Wasp Warrior Princess of the North

One fresh August morning, I thought I’d get some air and sunshine into the place.  I raised shades and opened windows in every room.  In the bedroom, there is one we rarely open.  The shade stays down and if we want a breeze, we use the adjacent window.

But as this was a day for sunshine, I yanked on the shade to retract it on its roller.  And was immediately taken aback in horror.  Attached between the inner window pane and the outer storm window was a wasp nest the size of a tangerine.  Not quite an orange, not a clementine, but — you know — a tangerine . . . but not quite as sweet.

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Once I realized they had no access to the inside of the house, I stood perplexed.  It was like one of those bee hives you can watch from the safety of a glass pane.  Except I don’t want one of those in my house, and these things weren’t making honey.  They were making a home and they intended to stay.

I walked outside to view it from another perspective.  I posted it on Facebook, hoping for sage advice.  I texted friends.  I called my brother, who was on his way out of town.  Unfortunately, he said, he was not close enough to help.  I talked him through it, but he had little to offer.

My Facebook friends replied with everything from, “Walk back and forth muttering, ‘Tut, tut, it looks like rain’,” adding “It worked for Winnie the Pooh” to “Run!”  My text query produced the response, “Call an exterminator.”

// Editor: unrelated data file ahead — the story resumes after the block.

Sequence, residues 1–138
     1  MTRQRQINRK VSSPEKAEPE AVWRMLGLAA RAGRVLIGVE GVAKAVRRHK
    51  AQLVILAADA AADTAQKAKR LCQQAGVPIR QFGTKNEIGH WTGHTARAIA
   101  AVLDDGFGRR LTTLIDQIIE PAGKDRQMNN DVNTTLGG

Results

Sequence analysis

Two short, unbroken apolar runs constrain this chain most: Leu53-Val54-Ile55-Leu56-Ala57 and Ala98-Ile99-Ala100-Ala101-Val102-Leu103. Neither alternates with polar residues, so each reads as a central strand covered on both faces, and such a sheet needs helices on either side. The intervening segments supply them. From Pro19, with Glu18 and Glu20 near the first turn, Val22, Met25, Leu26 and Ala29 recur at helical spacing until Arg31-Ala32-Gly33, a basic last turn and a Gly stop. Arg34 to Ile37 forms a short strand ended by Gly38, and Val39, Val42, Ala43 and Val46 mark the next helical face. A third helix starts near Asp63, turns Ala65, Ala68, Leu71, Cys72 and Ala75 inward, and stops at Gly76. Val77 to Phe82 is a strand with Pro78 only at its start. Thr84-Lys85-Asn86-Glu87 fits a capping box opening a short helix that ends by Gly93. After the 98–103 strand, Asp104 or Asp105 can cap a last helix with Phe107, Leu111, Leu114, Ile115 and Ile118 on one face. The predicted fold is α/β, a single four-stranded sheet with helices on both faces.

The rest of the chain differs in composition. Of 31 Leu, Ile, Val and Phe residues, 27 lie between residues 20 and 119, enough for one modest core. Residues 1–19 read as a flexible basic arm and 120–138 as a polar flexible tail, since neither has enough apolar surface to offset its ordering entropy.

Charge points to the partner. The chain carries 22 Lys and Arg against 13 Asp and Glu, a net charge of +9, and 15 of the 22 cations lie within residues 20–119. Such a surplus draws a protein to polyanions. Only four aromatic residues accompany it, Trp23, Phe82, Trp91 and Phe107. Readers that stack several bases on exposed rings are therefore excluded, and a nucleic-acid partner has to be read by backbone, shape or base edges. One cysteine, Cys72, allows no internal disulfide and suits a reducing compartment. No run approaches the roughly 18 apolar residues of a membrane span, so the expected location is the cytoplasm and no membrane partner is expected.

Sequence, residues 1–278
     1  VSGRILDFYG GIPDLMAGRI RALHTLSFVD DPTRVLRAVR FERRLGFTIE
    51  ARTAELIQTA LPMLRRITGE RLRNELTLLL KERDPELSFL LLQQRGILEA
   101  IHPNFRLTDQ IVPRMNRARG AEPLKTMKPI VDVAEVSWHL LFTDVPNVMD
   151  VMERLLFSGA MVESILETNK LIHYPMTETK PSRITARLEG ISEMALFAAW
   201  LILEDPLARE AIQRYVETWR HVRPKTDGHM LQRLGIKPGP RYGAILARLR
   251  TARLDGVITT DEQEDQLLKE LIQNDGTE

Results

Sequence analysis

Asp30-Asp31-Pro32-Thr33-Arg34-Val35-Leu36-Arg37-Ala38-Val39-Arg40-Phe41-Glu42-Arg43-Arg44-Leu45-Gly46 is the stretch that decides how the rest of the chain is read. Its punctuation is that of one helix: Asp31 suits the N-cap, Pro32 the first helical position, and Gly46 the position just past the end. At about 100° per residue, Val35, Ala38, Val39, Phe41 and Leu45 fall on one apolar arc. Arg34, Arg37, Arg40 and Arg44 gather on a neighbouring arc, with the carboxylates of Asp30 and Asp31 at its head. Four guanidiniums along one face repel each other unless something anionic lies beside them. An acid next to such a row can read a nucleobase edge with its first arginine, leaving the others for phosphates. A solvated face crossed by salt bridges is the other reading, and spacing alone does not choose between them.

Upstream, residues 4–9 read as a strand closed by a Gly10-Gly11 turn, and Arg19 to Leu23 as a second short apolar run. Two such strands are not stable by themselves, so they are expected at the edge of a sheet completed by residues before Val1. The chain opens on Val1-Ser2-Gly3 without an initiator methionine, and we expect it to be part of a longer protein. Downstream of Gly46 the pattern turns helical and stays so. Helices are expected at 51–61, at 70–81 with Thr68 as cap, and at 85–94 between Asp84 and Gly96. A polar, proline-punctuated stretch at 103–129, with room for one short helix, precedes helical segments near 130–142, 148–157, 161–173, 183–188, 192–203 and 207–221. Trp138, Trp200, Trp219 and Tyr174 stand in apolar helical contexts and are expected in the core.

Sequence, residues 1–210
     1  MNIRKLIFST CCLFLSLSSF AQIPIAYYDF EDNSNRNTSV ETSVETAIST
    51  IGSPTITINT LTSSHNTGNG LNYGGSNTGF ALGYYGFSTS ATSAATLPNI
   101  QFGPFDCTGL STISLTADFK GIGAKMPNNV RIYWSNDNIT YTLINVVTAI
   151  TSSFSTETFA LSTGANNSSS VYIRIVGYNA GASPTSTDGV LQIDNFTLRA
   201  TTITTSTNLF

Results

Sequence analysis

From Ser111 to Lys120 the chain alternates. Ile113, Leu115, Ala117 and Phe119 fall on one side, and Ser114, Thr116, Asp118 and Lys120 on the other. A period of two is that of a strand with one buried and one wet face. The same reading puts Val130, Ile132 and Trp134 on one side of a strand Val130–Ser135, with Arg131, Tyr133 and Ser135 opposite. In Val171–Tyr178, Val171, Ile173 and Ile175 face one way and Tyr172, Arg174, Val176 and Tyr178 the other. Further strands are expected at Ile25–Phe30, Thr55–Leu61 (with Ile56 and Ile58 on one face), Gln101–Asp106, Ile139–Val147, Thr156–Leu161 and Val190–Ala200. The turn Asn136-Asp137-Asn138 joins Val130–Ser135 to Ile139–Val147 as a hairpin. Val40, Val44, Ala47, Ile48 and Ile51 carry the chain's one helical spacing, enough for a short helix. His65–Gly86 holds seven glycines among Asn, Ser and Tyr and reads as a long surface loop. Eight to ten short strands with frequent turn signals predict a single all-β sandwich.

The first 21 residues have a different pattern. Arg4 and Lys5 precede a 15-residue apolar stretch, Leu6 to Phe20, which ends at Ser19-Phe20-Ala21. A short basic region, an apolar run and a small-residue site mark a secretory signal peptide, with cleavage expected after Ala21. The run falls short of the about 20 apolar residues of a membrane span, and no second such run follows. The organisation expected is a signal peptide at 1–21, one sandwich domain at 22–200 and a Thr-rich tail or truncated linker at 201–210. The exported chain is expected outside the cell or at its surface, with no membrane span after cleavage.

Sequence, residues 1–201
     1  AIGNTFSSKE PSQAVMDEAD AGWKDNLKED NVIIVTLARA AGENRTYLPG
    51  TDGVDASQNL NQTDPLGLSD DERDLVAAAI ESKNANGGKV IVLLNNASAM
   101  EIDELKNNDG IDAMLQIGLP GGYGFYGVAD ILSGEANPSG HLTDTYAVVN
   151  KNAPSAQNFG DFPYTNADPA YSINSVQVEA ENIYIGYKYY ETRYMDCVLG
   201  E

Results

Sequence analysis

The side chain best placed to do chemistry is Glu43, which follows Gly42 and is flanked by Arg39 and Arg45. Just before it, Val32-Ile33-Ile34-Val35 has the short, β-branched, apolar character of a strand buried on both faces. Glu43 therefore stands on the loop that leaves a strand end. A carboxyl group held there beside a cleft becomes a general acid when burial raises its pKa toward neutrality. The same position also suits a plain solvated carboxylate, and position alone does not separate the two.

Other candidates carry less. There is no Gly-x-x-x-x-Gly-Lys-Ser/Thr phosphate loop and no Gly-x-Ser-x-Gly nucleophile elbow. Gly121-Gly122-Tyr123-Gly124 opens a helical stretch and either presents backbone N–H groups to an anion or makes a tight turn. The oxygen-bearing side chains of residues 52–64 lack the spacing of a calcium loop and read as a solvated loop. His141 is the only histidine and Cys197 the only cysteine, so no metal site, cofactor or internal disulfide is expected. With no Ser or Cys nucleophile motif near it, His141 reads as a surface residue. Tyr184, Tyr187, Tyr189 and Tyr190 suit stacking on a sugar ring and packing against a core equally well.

There are a few things you should know about me if you don’t already.  I’m frugal.  I’m not going to pay someone to do something I can do myself.  I’m independent.  I’m not going to rely on a man for something that doesn’t involve brawn or . . . well . . . anything else I don’t have.  I’m resourceful.  If there’s a will, there’s a way, and I definitely had a will to get rid of this thing and all its little inhabitants.

My new outdoor perspective unveiled no answers.  I couldn’t see how they got in, nor could I see a way to launch an anti-wasp assault weapon at the nest.  As far as I could tell, the only access to the nest was from the inside.  I walked back inside and strategized.

The only safe way I knew to kill a nest was to shoot it with wasp and hornet spray.  The only access to the nest was to open the window.  In order to keep them out of the room when I opened the window, I was going to have to seal it off.